Materials-wise, Sideshow Collectibles (where I purchased from) doesn’t really list the plastics involved, other than to guarantee that according to California law, they’re proven to give me cancer and cause reproductive harm. I’m already bald and I don’t want kids messing with this toy anyway. Worth it. (In all seriousness, Prop 65 is an ultra-careful plastics warning label you’ll even find on kiddies’ pool toys.)
But, to my eyes and fingers, it’s a super high-quality figure. The plastics are soft and malleable where they need to be without being fragile (thicker parts, like the thumb/fingers, which need to bend some to fit into the equally sturdy but flexible weapon holes, are a prime example). The whole thing feels relatively light, despite standing nearly a foot tall, without feeling cheap. Cloth-like capes are easy to move around Boba’s body to create a sense of dynamism where you need it, and things like his belt, gauntlets, and other accessories all move around and stay in place with no fuss.
Those many articulating joints stay firm without being difficult to move, so you can easily recreate many of Boba’s iconic poses or come up with your own. I’m partial to the two-handed carbine hold and head nod, and the PP1 example shown on the box art captures the fight with Luke nicely. And while I’ve found countless standing poses for Boba in which he can balance perfectly on his feet, there is, of course, the included stand and platform to prop him up in the event you choose a dynamic pose that’s more gravity-prone.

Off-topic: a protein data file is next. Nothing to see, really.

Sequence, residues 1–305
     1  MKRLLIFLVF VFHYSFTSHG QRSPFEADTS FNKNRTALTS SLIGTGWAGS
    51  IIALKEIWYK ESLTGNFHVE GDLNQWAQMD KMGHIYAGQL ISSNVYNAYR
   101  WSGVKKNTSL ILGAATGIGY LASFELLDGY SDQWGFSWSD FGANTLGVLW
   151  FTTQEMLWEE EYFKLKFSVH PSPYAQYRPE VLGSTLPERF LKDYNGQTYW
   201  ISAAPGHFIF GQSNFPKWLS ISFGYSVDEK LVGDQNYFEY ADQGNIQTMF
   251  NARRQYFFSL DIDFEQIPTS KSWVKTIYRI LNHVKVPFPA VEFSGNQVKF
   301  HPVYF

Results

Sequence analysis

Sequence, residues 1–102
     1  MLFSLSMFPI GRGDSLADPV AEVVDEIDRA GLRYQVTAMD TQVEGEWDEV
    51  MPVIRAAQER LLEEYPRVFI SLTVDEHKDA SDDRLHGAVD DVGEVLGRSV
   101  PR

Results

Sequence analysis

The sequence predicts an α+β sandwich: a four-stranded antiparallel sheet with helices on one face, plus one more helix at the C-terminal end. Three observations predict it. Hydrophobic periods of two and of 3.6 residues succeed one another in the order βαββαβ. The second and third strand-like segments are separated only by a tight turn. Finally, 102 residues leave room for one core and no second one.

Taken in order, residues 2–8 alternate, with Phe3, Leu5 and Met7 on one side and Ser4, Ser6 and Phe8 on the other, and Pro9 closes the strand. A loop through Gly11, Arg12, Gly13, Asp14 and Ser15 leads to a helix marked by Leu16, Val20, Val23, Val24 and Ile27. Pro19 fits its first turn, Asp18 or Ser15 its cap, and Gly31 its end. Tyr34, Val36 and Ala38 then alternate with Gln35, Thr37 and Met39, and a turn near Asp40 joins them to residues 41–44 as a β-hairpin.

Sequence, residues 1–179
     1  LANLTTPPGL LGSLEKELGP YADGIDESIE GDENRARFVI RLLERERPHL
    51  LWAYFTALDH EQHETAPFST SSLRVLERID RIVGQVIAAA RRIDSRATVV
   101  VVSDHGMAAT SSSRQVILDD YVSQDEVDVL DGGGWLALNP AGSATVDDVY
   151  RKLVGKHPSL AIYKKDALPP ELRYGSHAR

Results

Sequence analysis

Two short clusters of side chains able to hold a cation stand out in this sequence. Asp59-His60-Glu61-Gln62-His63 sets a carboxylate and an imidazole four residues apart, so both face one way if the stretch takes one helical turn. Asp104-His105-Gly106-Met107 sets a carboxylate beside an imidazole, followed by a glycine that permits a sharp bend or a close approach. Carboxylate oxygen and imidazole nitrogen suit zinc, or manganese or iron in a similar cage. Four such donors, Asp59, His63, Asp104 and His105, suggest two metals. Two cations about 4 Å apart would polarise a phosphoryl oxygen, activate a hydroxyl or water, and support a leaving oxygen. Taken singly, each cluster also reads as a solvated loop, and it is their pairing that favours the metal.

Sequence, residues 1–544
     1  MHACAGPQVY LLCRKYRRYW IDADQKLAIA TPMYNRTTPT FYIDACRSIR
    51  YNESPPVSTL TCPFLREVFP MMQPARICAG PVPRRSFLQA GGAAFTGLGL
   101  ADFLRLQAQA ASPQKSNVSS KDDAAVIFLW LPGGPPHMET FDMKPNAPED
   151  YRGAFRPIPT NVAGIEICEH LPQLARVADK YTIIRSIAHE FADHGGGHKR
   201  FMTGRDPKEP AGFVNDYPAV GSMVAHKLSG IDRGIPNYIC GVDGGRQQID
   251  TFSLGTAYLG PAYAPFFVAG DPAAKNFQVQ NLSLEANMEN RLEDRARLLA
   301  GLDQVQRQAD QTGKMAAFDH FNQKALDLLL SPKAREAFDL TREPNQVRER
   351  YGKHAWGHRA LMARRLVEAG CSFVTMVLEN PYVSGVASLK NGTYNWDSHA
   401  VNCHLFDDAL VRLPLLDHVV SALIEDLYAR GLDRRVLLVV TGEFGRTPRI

With dozens of hand/pose/weapon/costume configurations possible, some level of “replay-ability” is even available here. I’ve got tons of tchotchkes around my office desk, half of them Boba, and none of them compel me to tinker or play—I just like how they look. But I can easily see setting this one up within arm’s length, because of the temptation to switch things up. That’s afforded because of the incredible amount of quality variations available.
A few minor misfires I noticed include the strap on one of the blasters detached (probably a simple fix with Superglue, but still, for the price you wouldn’t expect it to simply detach so easily) and one of the two pegs from the alternate shoulder pauldron was missing, having been snapped off somewhere along the line. Little gripes, but certainly things that anyone tossing down cash would feel sore about.
However, I truly can’t find anything else major to knock about this, unless we want to consider price a prohibitive factor—and for many, it certainly will be. I would imagine fans in a deluxe figure market would expect to shell out $300 or more for “Deluxe.” It comes with a hefty price tag, and also the expectation of being worth it. All told, let’s call this one a 13-out-of-14 kill stripes rating, knocking off for those tiny trespasses.
The Boba Fett Sixth Scale Deluxe advertises as a premier item for a sixth-scale figure and delivers. This is a bounty you’ll be glad you captured.